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Journalism trainer quits regional publisher for lecturing role

Paul WiltshireA former deputy editor turned editorial trainer at a regional publisher is set to leave the company to take up a full-time lecturing role.

Paul Wiltshire, pictured left, is taking up the position of journalism lecturer at the University of Gloucestershire, after spending the past two years training journalists at former Local World titles in the South-West of England.

Paul, a former deputy editor of the Bath Chronicle, has been teaching law and politics at the university at the university in recent months.

In a farewell blog, he admitted there was a challenge for the regional press to stop talent from leaving the industry against a “tough financial background”.

He wrote: “The pressures on the reporters and newsdesks of today are greater than they have ever been, with the extraordinary sources of information and the new publishing platforms that are now available being very much a double-edged sword.

“One of the enduring themes to the two years I have spent as an industry trainer has been the difficulty – even against a tough financial background – of filling vacancies with the right people.

“That background is not going to go away, certainly not for the mainstream media and particularly for any company which has either shareholders, debts to pay off or venture capitalists on board.

“The challenge for all of us is to ensure that those harsh realities of life aren’t driving away the greatest talents – whether that be those already under the roofs that I currently work, or under the slightly more elegant ones beneath which I will be labouring from next month.”

Paul added: “This industry and the people it serves will be so much the poorer if eccentricity, instinct, guts and sheer bloody-mindedness – as well as a sense of fun – are lost along the way. If we keep people with those qualities, then journalism can always be the best job in the world.”

Paul began his career in 1985 at the Western Times and Gazette, in Exeter, before moving to the Torquay Herald Express two years later, where he rose to the role of assistant news editor.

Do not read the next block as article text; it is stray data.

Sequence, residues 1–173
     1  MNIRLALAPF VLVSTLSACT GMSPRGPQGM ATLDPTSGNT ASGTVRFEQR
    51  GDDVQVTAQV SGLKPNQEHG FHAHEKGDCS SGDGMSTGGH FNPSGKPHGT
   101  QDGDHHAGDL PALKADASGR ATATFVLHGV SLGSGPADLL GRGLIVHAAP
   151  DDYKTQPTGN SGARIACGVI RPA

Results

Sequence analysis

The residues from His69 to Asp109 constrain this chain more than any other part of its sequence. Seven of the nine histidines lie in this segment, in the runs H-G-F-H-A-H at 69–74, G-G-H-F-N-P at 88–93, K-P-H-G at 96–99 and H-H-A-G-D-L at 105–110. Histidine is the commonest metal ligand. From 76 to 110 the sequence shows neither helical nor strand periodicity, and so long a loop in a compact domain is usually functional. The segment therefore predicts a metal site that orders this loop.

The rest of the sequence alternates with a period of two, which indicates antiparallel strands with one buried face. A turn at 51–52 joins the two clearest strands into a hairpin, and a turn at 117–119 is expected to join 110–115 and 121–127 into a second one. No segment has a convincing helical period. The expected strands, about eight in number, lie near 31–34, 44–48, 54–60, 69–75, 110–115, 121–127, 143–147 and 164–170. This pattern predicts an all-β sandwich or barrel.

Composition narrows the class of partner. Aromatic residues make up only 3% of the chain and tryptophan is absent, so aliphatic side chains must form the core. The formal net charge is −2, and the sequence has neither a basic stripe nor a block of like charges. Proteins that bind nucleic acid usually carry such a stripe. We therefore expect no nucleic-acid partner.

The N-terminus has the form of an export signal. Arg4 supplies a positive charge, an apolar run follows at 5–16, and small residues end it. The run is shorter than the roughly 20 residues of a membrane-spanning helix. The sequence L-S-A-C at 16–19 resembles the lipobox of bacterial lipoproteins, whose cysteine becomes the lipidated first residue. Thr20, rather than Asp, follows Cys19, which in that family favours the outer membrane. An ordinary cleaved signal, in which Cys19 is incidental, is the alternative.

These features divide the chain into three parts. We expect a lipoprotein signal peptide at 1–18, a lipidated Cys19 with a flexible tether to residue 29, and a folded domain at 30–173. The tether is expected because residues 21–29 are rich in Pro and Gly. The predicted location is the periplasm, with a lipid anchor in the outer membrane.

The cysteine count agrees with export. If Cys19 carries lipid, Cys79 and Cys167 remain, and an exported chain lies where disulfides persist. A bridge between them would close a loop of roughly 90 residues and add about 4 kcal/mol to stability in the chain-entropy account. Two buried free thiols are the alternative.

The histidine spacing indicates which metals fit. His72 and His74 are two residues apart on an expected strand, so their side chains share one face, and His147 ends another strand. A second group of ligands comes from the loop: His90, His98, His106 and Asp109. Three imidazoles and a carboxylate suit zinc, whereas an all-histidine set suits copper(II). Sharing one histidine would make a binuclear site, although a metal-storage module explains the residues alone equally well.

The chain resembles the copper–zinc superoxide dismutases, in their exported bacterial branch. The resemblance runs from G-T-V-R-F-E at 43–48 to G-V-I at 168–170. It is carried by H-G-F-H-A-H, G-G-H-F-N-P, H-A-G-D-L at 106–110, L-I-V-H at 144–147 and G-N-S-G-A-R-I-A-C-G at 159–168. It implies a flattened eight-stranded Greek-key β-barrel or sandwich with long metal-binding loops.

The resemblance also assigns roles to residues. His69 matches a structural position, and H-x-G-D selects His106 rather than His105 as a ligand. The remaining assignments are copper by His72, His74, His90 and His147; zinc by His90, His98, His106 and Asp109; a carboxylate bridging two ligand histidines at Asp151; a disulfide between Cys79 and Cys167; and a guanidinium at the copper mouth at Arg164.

In 1989 he moved to the Swindon Advertiser, where he stayed for six years, finishing in the position of head of content.

Between 1995 and 2007 he worked at the Chronicle as news editor and then also assistant editor, before taking on its deputy editorship.

Paul told HTFP: “I will really miss my many friends in the newsrooms of Bath, Bristol, Dorset, Gloucestershire and Somerset, but I won’t be a stranger as I am very keen to keep up my industry links.

“And I am hugely looking forward to the delightful challenge of helping to inspire and train a new generation of journalists in the company of some great colleagues.”


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  • April 4, 2016 at 9:53 am

    ‘In a farewell blog, he admitted there was a challenge for the regional press to stop talent from leaving the industry against a “tough financial background”.’
    I think it’s truer to say talent is being pushed out of the industry as everybody attempts to cut costs. But good luck in your new role, Paul.

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  • April 4, 2016 at 11:18 am

    Good luck to him. He’ll probably have better job security.

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